Coolest job in tech: from the pits of Le Mans


When race cars whiz around a track at 200 miles per hour, driving ability isn’t the only factor that determines who wins the race. Behind the scenes, in mobile data centers tucked into semis and behind laptops in the pit area, people like Chuck Houghton use tech to make decisions that can determine whether their car crosses the finish line first.

As race engineer for the No. 4 Corvette C6.R of the American Le Mans Series GT class, Houghton and his squad build sophisticated algorithms to crunch the reams of data spit out by modern race cars. When it’s race time, Houghton is on scene, running calculations that determine when to make changes to car variables like “ride height” or when to let drivers know that they’re running a few seconds behind. “It’s kind of like hanging a carrot out there in front of a horse,” Houghton says.

In some cases, it’s as simple as making sure the car doesn’t run out of gas. At the Petit Le Mans in Georgia 2010, a 10-hour race, the endgame came down to putting just the right amount of fuel into the car.

“[Both top cars had] stopped at the same time for our last stop,” Houghton recalls. “We put just a tiny bit more fuel in our car, so they beat us out of the pit. And on the last lap, the Ferrari ended up running out of fuel. We were in second, and passed them on the track, and won.”

Whether the algorithms built by the Ferrari’s squad weren’t good enough, the calculations were lacking, or someone just took a chance and made a mistake, the end result was the same: second place. Houghton firmly believes that the in-house software his group created helped win that race and today provides an ongoing competitive advantage over other teams.

Houghton spoke with us just a few days after his car finished first in its class at the Tequila Patron American Le Mans Series at Long Beach. The car completed 84 laps in just an hour and 20 minutes, a walk in the park compared to some of the endurance races the #4 Corvette squad does each year. Longest of all is the historic 24 Hours of Le Mans in France. Between travel and preparation, Houghton and colleagues stay awake for a good 36 hours by the time the race is completed.

Chuck Houghton on race day

“The adrenaline is enough to keep you up for most of it, especially if you’re doing well,” Houghton says. “If you’re in the top three or four you’re generally excited enough that you can stay awake without too much coffee or Red Bull. But certainly when you’re kind of out of it, and you have no shot at winning, and you’re multiple laps down, it makes it really difficult to stay awake.”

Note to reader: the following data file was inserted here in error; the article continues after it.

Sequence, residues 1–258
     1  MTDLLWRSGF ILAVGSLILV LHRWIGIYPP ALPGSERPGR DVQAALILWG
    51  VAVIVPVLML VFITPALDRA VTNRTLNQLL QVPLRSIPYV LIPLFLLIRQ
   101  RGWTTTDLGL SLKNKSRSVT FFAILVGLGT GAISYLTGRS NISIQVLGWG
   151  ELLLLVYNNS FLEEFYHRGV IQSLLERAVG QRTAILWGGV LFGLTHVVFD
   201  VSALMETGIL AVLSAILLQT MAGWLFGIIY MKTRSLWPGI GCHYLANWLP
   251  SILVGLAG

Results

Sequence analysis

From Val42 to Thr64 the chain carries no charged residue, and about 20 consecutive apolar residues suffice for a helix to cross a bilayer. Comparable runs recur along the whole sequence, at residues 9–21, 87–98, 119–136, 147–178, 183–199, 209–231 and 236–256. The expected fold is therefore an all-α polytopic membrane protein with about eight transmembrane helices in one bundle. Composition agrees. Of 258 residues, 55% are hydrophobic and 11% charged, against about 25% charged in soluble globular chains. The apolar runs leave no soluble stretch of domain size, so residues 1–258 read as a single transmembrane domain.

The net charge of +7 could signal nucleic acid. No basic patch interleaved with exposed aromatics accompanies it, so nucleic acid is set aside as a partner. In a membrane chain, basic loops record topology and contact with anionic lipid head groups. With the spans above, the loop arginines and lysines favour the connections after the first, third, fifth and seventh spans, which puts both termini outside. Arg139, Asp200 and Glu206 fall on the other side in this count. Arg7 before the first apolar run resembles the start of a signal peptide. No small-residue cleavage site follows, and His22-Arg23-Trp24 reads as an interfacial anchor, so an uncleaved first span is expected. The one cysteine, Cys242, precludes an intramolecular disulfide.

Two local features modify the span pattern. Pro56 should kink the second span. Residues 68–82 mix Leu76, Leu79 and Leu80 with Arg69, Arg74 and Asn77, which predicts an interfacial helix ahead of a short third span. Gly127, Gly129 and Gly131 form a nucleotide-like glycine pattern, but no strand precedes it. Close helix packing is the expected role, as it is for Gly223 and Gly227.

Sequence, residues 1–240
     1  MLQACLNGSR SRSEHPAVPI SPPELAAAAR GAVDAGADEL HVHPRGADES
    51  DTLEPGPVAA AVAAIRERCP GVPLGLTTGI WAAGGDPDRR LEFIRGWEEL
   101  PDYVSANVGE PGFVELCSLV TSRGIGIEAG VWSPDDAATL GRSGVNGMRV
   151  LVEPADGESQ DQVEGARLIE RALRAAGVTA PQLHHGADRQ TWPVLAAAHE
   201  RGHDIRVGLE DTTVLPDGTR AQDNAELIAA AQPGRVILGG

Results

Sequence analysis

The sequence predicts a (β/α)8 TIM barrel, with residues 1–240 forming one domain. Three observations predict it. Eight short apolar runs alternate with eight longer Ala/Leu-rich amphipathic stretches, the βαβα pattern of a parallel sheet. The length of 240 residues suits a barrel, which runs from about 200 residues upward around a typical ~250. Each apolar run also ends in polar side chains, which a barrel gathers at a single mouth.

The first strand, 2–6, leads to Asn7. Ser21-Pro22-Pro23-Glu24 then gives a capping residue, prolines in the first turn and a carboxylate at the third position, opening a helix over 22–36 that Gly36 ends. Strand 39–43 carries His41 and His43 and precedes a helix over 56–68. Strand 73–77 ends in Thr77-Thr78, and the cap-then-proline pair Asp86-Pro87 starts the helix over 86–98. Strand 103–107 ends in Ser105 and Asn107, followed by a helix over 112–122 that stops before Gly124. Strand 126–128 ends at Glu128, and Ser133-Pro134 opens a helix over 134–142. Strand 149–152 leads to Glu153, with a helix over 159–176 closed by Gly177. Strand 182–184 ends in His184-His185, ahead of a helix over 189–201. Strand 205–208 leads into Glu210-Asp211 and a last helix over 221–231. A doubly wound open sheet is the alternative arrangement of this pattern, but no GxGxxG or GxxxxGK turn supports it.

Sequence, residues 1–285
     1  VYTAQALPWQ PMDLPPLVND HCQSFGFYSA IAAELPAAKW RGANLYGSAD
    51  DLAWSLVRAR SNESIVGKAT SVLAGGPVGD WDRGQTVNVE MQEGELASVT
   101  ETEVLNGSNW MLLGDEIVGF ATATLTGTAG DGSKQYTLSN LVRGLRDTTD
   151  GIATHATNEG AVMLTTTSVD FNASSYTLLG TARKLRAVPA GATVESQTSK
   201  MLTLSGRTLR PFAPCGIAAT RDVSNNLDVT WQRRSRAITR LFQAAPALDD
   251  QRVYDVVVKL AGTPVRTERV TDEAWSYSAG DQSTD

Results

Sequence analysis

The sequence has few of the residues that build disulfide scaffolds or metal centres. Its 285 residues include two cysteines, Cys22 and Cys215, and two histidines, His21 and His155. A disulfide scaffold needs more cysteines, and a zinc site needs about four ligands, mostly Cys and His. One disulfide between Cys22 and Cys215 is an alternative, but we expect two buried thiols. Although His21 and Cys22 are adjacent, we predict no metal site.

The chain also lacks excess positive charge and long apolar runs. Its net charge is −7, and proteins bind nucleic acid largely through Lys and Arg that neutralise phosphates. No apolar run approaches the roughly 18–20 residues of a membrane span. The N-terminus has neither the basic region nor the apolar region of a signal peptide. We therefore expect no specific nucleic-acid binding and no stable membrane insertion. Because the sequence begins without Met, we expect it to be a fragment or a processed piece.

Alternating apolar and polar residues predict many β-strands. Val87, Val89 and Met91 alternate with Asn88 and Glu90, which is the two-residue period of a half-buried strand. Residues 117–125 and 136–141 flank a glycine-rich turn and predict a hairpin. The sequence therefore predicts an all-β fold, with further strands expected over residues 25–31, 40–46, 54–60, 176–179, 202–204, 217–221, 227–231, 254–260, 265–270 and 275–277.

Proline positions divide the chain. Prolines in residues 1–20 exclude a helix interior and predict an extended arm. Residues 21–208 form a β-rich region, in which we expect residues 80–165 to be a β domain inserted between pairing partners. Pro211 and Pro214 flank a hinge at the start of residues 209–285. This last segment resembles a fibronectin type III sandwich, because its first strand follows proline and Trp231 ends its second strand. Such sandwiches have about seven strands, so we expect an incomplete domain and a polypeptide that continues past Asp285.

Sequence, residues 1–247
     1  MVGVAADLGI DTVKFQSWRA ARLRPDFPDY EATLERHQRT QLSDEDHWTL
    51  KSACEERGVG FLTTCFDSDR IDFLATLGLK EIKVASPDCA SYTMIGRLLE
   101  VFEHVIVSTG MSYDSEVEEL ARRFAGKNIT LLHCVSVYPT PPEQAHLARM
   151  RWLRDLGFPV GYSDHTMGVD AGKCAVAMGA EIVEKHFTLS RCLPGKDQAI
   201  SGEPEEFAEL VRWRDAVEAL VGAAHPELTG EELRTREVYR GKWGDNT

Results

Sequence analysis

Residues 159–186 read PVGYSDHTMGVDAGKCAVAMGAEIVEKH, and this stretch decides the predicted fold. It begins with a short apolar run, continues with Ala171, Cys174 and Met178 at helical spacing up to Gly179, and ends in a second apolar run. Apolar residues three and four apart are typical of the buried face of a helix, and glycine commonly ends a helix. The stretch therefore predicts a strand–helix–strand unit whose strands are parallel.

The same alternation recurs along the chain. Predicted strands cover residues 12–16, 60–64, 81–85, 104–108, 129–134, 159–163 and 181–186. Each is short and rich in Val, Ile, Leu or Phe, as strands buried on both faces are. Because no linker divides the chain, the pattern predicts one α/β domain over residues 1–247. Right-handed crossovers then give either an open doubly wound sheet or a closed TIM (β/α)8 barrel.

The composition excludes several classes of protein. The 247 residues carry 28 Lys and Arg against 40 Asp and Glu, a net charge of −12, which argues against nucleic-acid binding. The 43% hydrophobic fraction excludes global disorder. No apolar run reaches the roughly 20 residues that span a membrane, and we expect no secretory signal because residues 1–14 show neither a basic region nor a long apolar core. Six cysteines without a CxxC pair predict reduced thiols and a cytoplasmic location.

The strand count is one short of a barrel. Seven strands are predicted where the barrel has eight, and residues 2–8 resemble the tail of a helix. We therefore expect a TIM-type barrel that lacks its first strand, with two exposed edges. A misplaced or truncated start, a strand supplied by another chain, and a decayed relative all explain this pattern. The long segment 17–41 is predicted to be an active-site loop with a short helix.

In such long races, analysis and adjustments take on a bigger role. “During the race we get live telemetry from the car,” Houghton says. “We can see exactly what the tire pressures are, the temperature of the tires, what gear the driver is in, we can see all that in real time and we can adjust quick things like tire pressure for the next stop.” While the team keeps pit stop times to a minimum during short races, in longer ones Houghton might take more time to adjust things like the overall balance of the car by changing the “rake,” the difference in ride height between the front and rear.

Houghton, who has been with the Corvette squad just outside Detroit for about eight years, earned a degree in mechanical engineering while taking an interest in car racing, getting involved in a Society of Automotive Engineers student competition to build a small race car. His expertise is more on the vehicle engineering side, but over time he’s learned how to program in Visual Basic and MATLAB to help build the tools necessary to properly analyze the cars.

In the week before a race, Houghton and fellow engineers run hundreds of simulated laps through their computer programs to evaluate vehicle dynamics and to determine what changes to make to the car. They bring a cluster of servers to the track in a semi-truck for pre-race preparations; during the race, they settle in front of their laptops with big headphones and ear plugs in place to drown out the noise. They talk to each other via an instant messaging system they built in-house, and to the driver by voice.

While Houghton plays a crucial role on the team, he hasn’t yet been rewarded with the chance to drive the #4 Corvette. “We’ve got guys that are professional and probably do a lot better job than I could at that,” he says.


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